Motion-packed look at the beginnings of the fall of the Roman Empire. Right here is the glory, the greed and grandeur that was Rome. Here is the story of private lust for power, and the shattering results of that energy’s loss. Right here is the tale of the plight of a individuals residing on the brink of a political abyss.
"The Americans have at all times depicted the West in extraordinarily romantic terms – with the horse that runs to his grasp's whistle. They have never treated the West severely, simply as we now have never handled historic Rome severely. Maybe probably the most severe debate on the subject was made by Kubrick in the movie "Spartacus"; the opposite films have at all times been cardboard fables.
It was this superficiality that struck and me." Sergio Leone I wouldn't name Kubrick's "Spartacus" a "severe debate" (Kubrick disowned the film precisely as a result of it lacks complexity), however there’s a sense that epics of yesteryear, regardless of their flaws, nevertheless possess an intelligence which trendy epics lack. Suppose, for instance, Lean's "Lawrence of Arabia", Ray's "55 Days in Peking", Houston's "The Man Who Would be King", Kubrick's "Spartacus" and even lesser movies like "Viva Zapata", "Ben Hur" and "El Cid".
To not mention these unconventional epics by guys like Visconti, Welles, Leone, Kubrick, Kurosawa, Jancso: "Ran", "2001: A Area Odyssey", "Satyricon", "Chimes at Midnight", "Pink and White", "Kagemusha", "The Leopard", "Duck You Sucker" and many others. Are there any epics as we speak that match these items.
"Troy"? "Alexander"? "Kingdom of Heaven"? "Gladiator"? "Lord of the Rings"? "The Final Samurai"? "Avatar"? I don't suppose so. Despite advances in know-how and images, these movies are content material to latch onto epically silly and spinoff screenplays. Anthony Mann's "The Fall Of The Roman Empire" is at occasions a clunky movie, however it nonetheless possess a certain substance which modern fare (and imitative stuff like "Gladiator") lacks.
The film opens with Emperor Marcus Aurelius and his slave Timonides philosophising about pleasure and pain, Aurelius finally confessing that he had a childhood anxiety in which he feared that the solar might by no means rise. This tone the sensation that every one life exists on that thin boundary between day and night time, between existence and non-existence permeates all the movie. We're then introduced to several other characters.
There's Lucilla (Sophia Loren), the melancholy daughter of the Emperor, who both idolises her father and hates her mother's constant schemes, plots and infidelities. She also hates the fact that she has to, for political causes, marry the King of Armenia to be able to secure an ally on Rome's eastern front. Watch The Fall of the Roman Empire A lot scheming then follows, wherein crafty politicians try and kill the Emperor and change him along with his more malleable son, Commodus.
. Commodus is a gladiator loving lug, who indulges in fight and games of war. He knocks skulls and fights barbarians, however is also the friend of Livius, the man whom the Emperor has chosen as his successor. After the Emperor is assassinated, a gentle feud thus develops between Livius and Commodus. The politicians need Commodus to take the throne and he ultimately does, Livius too form and humble to face in his manner.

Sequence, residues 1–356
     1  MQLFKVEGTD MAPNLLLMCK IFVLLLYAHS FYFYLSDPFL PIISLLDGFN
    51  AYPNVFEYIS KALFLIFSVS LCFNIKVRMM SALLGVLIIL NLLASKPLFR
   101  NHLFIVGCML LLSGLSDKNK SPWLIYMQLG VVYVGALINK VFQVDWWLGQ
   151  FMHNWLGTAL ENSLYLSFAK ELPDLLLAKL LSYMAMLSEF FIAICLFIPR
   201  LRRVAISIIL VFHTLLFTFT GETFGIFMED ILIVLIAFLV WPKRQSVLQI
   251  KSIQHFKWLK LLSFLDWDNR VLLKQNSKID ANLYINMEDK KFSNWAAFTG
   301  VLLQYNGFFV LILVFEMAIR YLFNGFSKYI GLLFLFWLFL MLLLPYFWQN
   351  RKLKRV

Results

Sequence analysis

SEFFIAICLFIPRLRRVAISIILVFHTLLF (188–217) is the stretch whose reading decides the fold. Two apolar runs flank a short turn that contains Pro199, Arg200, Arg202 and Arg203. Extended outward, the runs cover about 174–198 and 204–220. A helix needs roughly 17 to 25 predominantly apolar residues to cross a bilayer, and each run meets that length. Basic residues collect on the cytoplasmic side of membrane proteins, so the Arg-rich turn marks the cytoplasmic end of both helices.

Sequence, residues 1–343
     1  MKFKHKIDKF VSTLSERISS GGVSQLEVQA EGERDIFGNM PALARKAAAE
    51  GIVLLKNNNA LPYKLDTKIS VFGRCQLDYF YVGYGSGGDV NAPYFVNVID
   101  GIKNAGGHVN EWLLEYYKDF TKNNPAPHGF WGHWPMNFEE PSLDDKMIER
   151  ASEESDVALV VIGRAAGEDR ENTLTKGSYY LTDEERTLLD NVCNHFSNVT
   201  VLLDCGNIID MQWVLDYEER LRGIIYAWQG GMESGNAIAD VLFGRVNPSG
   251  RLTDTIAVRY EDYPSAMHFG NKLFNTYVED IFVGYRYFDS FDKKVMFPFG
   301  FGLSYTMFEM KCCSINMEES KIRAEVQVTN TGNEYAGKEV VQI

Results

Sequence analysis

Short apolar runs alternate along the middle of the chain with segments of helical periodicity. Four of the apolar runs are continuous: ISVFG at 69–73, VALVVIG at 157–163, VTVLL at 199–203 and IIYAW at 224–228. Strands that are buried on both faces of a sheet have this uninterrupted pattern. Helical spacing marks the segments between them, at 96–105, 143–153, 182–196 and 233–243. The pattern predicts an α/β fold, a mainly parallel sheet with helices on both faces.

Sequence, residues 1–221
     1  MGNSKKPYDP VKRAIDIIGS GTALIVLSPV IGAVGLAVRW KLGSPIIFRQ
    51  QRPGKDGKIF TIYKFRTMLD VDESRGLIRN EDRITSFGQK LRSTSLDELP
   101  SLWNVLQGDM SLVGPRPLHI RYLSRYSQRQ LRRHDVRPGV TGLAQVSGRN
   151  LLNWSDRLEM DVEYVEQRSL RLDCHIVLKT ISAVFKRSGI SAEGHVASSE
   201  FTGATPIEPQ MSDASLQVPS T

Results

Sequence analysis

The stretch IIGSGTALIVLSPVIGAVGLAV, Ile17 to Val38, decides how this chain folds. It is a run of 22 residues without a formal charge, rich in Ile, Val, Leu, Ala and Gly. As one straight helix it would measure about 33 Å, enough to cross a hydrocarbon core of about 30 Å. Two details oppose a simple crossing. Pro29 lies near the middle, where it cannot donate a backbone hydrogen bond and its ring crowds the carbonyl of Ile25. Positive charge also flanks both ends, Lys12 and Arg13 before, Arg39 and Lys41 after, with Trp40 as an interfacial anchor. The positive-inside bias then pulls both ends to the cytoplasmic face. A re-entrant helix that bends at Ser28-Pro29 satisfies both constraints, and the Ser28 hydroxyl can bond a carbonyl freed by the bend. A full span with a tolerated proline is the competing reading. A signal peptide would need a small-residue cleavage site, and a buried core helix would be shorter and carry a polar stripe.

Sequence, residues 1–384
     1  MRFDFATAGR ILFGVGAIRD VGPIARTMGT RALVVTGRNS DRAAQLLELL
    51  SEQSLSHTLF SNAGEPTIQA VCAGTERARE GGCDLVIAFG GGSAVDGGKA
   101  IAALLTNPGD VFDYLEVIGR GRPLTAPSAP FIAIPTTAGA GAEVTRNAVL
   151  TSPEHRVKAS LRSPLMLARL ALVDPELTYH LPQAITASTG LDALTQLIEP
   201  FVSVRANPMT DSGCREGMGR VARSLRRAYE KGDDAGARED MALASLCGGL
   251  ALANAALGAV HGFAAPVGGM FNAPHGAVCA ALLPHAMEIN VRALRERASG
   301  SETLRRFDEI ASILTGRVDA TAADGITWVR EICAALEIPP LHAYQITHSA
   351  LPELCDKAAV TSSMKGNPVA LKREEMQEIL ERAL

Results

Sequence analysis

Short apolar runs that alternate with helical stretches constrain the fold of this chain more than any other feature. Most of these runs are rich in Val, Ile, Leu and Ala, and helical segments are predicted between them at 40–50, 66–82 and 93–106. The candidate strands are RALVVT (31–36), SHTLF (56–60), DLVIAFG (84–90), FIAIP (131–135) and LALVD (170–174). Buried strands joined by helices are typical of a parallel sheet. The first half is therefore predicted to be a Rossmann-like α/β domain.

In contrast to Joaquin Phoenix's model of the identical character in Ridley Scott's "Gladiator", Commodus just isn’t an incestuous creep, but an illegitimate child with patricidal fantasies and delusions of grandeur. Narcissistic and tormented, he cuts Rome's ties with all its starving colonies and begins to promote his personal imperial grandeur. Rome then turns into a sort of extension of Commodus' inferiority complex, an unconscious manifestation of his own psyche, which inflates and inflates and then comes crashing down, fatalistically crumbling, the illusion not supportable. We then launches into a number of subplots which try to describe the historical causes of the empire's collapse: rampant corruption, over enlargement, civilisational clashes, inequality, trade issues, the collapse of civic accountability etc. These issues aren't dealt with in anything but the most primary ways, however until one adopts a much more summary tone, perhaps they’ll't be dealt with in any other case. The movie then delineates the admittance of a barbarian tribe into the folds of Rome. The barbarians are presented to the senate and arguments made for them to be granted land and citizenship. Livius and Timonides argue that Rome should "change" and be "versatile", that it should cease "conquering" and permit tribes to "freely join" and "commerce", whilst Commodus and his cronies argue in favour for continuing Rome's ruthless hegemony. However, the barbarians are given their very own slice of land, and a type of relaxed, multicultural Rome begins to form. Commodus detests this, nonetheless, and casually orders the massacre of Rome's barbarian citizens. Anthony Mann directed this image, so in fact when the violence comes, its a bit extra onerous hitting and realistically clumsy than other films of the period. The movie ends with Commodus testing his divinity towards Livius in a duel. Like the final battle in "Gladiator", they struggle to the dying, Commodus dying in Livius' arms and Rome's pomp and pageantry along with it. 7.5/10 Though one of many higher "sword-and-sandal" epics, this film really highlights the restrictions of its style. Regardless of its daringly downbeat screenplay (the whole film oozes disillusionment), the fetishizing of the movie's large units is annoying, the performing is stiff, the production mechanical and the music intrusive. Comparisons to "Spartacus" and "Gladiator" are apt, though "Spartacus" (1960) is far extra affecting, going for broad emotions, much less politics and more sweep, while "Gladiator" is primarily a revenge tale. Incidentally, it was David Lean's "Lawrence of Arabia" (which launched an aesthetic which all of a sudden made Hollywood epics feel clunky), the rise of "bloodier epics" ("Zulu" (1964), Italian epics, "Bonnie and Clyde" and so forth) and the dual field workplace failures of Mann's "The Fall of the Roman Empire" and Ray's "fifty five Days at Peking", that pretty much marked the tip of these large, Hollywood productions. Worth one viewing. Makes a superb companion piece to "Ben Hur", "Spartacus", "fifty five Days at Peking" and "Lawrence of Arabia". A lot of the different epics of the era "Cleopatra", "The 300 Spartans", "The Vikings", "El Cid", "Gown" etc and so forth haven't aged too properly.